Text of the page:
How can the power of Leviathans be measured?
In certain respects, it seems expedient to describe a government as a homogeneous and self-interested entity, called ’Leviathan’. To optimize fiscal constraints, we need to know how powerful a Leviathan really is. This paper presents a new approach to measure the power of Leviathans. This new approach defines fiscal power in terms of income deviation. It supposes that there exists a positive connection between fiscal power and intergovernmental grants. To examine the approach empirically, we use data on U.S. counties in the period 1999-2002. Equations of fiscal power are estimated on the full and on stratified samples. Overall, the results support the new approach. Nonetheless, further research on the highly significant control variables would be needed to derive recommendations for more efficient fiscal constraints.
|Date of creation:||28 Feb 2009|
|Date of revision:|
|Contact details of provider:|| Postal: Ludwigstraße 33, D-80539 Munich, Germany|
Web page: https://mpra.ub.uni-muenchen.de
More information through EDIRC
References listed on IDEAS
Please report citation or reference errors to , or , if you are the registered author of the cited work, log in to your RePEc Author Service profile, click on "citations" and make appropriate adjustments.:
- Philip Grossman, 1989.
"Fiscal decentralization and government size: An extension,"
Springer, vol. 62(1), pages 63-69, July.
- Philip J. Grossman, 1989. "Fiscal Decentralization and Government Size: An Extension," Monash Economics Working Papers archive-05, Monash University, Department of Economics.
- P.J. Grossman, 1988. "Fiscal Decentralization and Government Size: An extension," Economics Discussion / Working Papers 88-16, The University of Western Australia, Department of Economics.
- Keith A. Bender, 2003. "Examining Equality between Public- and Private-Sector Wage Distributions," Economic Inquiry, Western Economic Association International, vol. 41(1), pages 62-79, January.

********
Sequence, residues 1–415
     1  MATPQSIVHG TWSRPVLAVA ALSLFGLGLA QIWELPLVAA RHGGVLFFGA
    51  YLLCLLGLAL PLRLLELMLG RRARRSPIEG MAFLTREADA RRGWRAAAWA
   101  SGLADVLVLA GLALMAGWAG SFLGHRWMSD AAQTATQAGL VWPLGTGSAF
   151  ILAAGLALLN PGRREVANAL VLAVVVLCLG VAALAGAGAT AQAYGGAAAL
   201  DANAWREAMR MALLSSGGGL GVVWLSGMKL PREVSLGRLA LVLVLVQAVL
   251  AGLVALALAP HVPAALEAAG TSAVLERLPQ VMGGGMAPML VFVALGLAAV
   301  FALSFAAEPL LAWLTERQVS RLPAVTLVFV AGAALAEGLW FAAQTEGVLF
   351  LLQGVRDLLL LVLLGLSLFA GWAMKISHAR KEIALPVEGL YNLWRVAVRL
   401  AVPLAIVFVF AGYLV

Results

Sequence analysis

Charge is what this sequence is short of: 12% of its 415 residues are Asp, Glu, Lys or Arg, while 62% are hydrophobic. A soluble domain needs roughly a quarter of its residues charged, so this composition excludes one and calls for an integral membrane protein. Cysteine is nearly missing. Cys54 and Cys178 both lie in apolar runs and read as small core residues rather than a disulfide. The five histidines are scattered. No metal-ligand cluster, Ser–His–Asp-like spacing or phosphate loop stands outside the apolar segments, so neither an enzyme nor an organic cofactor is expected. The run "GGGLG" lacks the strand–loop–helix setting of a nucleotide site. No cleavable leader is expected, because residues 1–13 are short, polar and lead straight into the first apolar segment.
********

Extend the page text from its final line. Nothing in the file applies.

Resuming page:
- Marlow, Michael L, 1991. "Privatization and Government Size," Public Choice, Springer, vol. 68(1-3), pages 273-76, January.
- Oates, Wallace E, 1985. "Searching for Leviathan: An Empirical Study," American Economic Review, American Economic Association, vol. 75(4), pages 748-57, September.
- Philip J. Grossman, 1989.
"Federalism and the Size of Government,"
Monash Economics Working Papers
archive-08, Monash University, Department of Economics.
- Charles M. Tiebout, 1956. "A Pure Theory of Local Expenditures," Journal of Political Economy, University of Chicago Press, vol. 64, pages 416.
- Michael Marlow, 1988. "Fiscal decentralization and government size," Public Choice, Springer, vol. 56(3), pages 259-269, March.
- Robert Elliott & David Bell & Anthony Scott & Ada Ma & Elizabeth Roberts, 2005. "Devolved government and public sector pay reform: Considerations of equity and efficiency," Regional Studies, Taylor & Francis Journals, vol. 39(4), pages 519-539.
- Blaise Melly, 2005. "Public-private sector wage differentials in Germany: Evidence from quantile regression," Empirical Economics, Springer, vol. 30(2), pages 505-520, 09.
- Randall W. Eberts & Timothy J. Gronberg, 1988. "Can competition among local governments constrain government spending?," Economic Review, Federal Reserve Bank of Cleveland, issue Q I, pages 2-9.
- P.J. Grossman, 1988.
"Fiscal Decentralization and Public Sector Size in Australia,"
Economics Discussion / Working Papers
88-12, The University of Western Australia, Department of Economics.
- Grossman, Philip J, 1992. "Fiscal Decentralization and Public Sector Size in Australia," The Economic Record, The Economic Society of Australia, vol. 68(202), pages 240-46, September.
- Dale Belman & John S. Heywood, 2004. "Public wage differentials and the treatment of occupational differences," Journal of Policy Analysis and Management, John Wiley & Sons, Ltd., vol. 23(1), pages 135-152.
- Forbes, Kevin F & Zampelli, Ernest M, 1989. "Is Leviathan a Mythical Beast?," American Economic Review, American Economic Association, vol. 79(3), pages 568-77, June.
- Zax, Jeffrey S, 1989. "Is There a Leviathan in Your Neighborhood?," American Economic Review, American Economic Association, vol. 79(3), pages 560-67, June.
- Michael Nelson, 1986. "An empirical analysis of state and local tax structure in the context of the Leviathan model of government," Public Choice, Springer, vol. 49(3), pages 283-294, January.
- Nelson, Michael A, 1987. "Searching for Leviathan: Comment and Extension," American Economic Review, American Economic Association, vol. 77(1), pages 198-204, March.
- Bender, Keith A, 1998. " The Central Government-Private Sector Wage Differential," Journal of Economic Surveys, Wiley Blackwell, vol. 12(2), pages 177-220, April.
- Mueller,Dennis C., 2003. "Public Choice III," Cambridge Books, Cambridge University Press, number 9780521894753, September.
When requesting a correction, please mention this item's handle: RePEc:pra:mprapa:13924. See general information about how to correct material in RePEc.
For technical questions regarding this item, or to correct its authors, title, abstract, bibliographic or download information, contact: (Joachim Winter)
If references are entirely missing, you can add them using this form.